2 Issues in the Undergraduate Mathematics Preparation of School Teachers students had attended the instructor s office hours and 15% had attended the campus Tutoring and Learning Center (TLC). However, many reported that TLC tutors were not much help with these courses. At the time, eight mathematics tutors (four male, four female) offered tutoring for College Algebra through Calculus III. As mathematics majors, they did not have the experience or perspective for mathematical reasoning involving complex learning scenarios with mathematical manipulatives. On the other hand, 46% of the preservice teachers reported informally tutoring peers during class, 54% had informally tutored peers outside of class, and 24% had formally tutored a peer during the semester. Survey results indicated a need for tutors who were able to help preservice teachers in these courses. When asked if they would attend onsite peer tutoring if available, 62% respondents said yes and 21% said maybe. Research Methodology A mixed methods research design collected quantitative and qualitative data over six semesters of the onsite peer tutoring program. Quantitative data included course number, section, semester, number of tutees, and time spent in tutoring sessions. Qualitative data resulted from online surveys from tutors, tutees, and non-tutees, asking them to evaluate the peer tutors and the effectiveness of the peer tutoring program. Participants included students from three mathematics content courses for future teachers. Students were seeking teacher certification for elementary education, bilingual education, special education or middle school mathematics. Three sections of each course were offered during the long semesters and one section each during the summer sessions. The three courses addressed number concepts, probability and statistics, and geometry. These reformed courses were based on national standards as well as state standards for beginning teachers. As there are no mathematics methods courses offered for these degree programs, the content courses also model mathematical pedagogy, including collaborative activities, manipulatives and technology. A dedicated classroom offers manipulatives and a full multimedia teacher station. Data were analyzed to address three research questions: 1. Are preservice teachers more apt to seek and sustain tutoring assistance provided by onsite peer tutors than the campus tutoring center? 2. Is onsite peer tutoring perceived as effective and successful by tutors and tutees? 3. Why did non-tutees not attend onsite peer tutoring sessions? Results In the fall of 2006, the peer tutoring program was designed, funding secured for one year, the classroom reserved, and two peer tutors were hired and trained. Peer tutors were selected from the researcher s classes, and chosen to match the demographics of the students in the course: 93% female; 50% White, 46% Hispanic; with an average age of 26 years (OPIE, 2009). Tutors were also selected for their understanding of course content and their ability to communicate mathematically from multiple perspectives. Onsite peer tutoring sessions began in October 2006; serving two sections taught by the researcher. Due to the late start, only 2 of 57 students (3.5%) participated with a total of 3.3 tutoring hours. In spring 2007, the tutoring program was expanded to all nine course sections (N=244). Eighteen students (7.4%) made 64 visits for a total of 55.8 tutoring hours over fifteen weeks. The number of visits ranged from one to fifteen per student; on average tutees attended 3.1 hours 2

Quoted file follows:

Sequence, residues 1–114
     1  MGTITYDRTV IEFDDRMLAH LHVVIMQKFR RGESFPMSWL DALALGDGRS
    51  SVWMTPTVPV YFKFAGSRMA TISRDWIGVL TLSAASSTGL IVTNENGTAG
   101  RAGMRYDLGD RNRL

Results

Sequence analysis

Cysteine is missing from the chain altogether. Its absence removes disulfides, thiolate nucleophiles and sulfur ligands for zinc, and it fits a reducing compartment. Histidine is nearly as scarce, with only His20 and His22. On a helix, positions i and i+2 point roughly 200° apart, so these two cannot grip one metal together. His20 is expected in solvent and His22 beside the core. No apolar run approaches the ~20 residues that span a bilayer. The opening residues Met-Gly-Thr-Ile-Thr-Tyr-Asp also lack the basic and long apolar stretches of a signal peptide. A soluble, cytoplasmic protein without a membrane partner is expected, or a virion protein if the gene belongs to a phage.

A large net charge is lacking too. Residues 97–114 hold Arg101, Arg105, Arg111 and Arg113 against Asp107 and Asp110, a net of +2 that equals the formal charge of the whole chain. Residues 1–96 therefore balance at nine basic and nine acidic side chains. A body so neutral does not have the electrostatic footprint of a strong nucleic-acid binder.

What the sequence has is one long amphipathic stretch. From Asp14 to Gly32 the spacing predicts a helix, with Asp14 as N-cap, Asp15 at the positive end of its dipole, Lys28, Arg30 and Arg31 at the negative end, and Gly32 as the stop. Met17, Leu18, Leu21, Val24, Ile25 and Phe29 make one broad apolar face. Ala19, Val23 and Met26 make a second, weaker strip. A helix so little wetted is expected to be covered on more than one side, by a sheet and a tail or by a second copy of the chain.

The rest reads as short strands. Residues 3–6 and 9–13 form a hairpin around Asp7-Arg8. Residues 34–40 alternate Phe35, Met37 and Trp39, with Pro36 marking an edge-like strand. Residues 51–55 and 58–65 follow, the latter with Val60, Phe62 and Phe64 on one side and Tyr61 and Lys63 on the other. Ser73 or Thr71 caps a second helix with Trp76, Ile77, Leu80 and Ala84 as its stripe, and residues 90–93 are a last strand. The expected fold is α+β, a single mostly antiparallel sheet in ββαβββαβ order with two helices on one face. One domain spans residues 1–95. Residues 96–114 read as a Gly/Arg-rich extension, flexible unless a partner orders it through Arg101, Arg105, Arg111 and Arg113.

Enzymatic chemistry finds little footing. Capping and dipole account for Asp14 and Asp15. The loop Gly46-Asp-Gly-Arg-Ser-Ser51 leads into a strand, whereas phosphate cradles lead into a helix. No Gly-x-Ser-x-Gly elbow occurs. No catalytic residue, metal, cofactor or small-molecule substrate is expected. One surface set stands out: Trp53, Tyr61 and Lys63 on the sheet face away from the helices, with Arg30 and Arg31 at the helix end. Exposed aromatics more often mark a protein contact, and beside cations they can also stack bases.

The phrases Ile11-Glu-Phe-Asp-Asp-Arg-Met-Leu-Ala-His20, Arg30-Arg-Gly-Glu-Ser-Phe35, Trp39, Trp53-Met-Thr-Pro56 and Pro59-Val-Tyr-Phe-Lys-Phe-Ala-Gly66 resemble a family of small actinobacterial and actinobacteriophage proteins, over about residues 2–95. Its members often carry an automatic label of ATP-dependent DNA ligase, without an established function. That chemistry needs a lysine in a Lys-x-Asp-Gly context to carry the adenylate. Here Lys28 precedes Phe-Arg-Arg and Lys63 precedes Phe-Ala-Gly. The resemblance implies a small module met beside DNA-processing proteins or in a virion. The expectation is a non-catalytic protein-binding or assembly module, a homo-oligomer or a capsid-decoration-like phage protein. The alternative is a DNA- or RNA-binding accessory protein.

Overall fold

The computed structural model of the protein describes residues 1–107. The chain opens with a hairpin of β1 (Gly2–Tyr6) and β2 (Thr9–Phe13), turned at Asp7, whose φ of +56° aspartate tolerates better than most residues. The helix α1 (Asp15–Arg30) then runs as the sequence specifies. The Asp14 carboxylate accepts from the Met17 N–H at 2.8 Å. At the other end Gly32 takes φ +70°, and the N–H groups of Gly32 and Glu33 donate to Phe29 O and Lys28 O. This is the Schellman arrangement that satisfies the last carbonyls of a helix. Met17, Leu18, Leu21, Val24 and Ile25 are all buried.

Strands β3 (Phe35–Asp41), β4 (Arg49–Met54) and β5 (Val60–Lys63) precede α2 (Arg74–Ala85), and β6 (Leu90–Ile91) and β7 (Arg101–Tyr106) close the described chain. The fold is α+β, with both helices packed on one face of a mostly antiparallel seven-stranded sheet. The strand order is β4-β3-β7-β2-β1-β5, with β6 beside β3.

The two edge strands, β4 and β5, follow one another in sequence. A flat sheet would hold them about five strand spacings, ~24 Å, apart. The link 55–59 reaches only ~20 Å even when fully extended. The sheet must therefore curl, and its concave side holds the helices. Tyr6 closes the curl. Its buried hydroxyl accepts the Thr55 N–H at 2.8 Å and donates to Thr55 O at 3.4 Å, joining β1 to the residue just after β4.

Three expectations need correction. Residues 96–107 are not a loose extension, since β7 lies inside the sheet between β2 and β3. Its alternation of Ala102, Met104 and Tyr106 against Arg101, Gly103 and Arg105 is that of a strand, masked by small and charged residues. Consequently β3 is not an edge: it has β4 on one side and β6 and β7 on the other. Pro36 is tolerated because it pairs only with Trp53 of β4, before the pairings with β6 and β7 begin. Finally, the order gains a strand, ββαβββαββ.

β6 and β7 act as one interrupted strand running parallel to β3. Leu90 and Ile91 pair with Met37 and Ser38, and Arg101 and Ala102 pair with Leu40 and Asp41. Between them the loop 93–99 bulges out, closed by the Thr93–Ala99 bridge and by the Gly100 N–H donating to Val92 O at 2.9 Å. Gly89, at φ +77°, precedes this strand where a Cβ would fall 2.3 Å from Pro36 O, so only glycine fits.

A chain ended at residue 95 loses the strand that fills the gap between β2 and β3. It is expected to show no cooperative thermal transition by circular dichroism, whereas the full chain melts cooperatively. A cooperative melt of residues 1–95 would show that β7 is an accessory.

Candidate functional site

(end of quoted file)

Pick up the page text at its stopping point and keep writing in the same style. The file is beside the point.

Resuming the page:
3 E. Young: Onsite Peer Tutoring in Mathematics Content Courses for Pre-Service Teachers over the semester. In addition, groups of students used the tutoring sessions eleven different times for group study (see Figure 1). Summer 2007 yielded a sharp increase in tutoring activity, with 38 of 85 students (44.7%) attending a total of tutoring hours over the five-week session. There were a total of 215 visits, ranging from one to fifteen visits per student. On average, tutees attended a total of 7 hours of tutoring over the summer session. At this point, program funding was extended to a second year. In fall 2007, the program accommodated 30 of 249 students (12%) for a total of 69 tutoring hours over the semester. In spring 2008, tutors served 31 of 253 students (12.3%) for a total of 78.9 hours over the semester. Figure 1: Number of tutees and total tutoring hours per semester. The tutoring program was not offered in summer 2008, due to the end of funding. Negotiations with the TLC resulted in new funding of two tutors for fall 2008, with the program still being offered in the classroom. Twenty-eight of 191 students (14.7%) attended a total of 91.2 tutoring hours over the semester. Total tutoring time per student ranged from 7 minutes to 16.1 hours over the semester. In spring 2009, under new budget constraints, the TLC decided to pull the peer tutor program back into the existing campus program, hiring one peer tutor but moving the program to the TLC building. As a result, only a few students attended tutoring and so funding for the peer tutor program was discontinued in June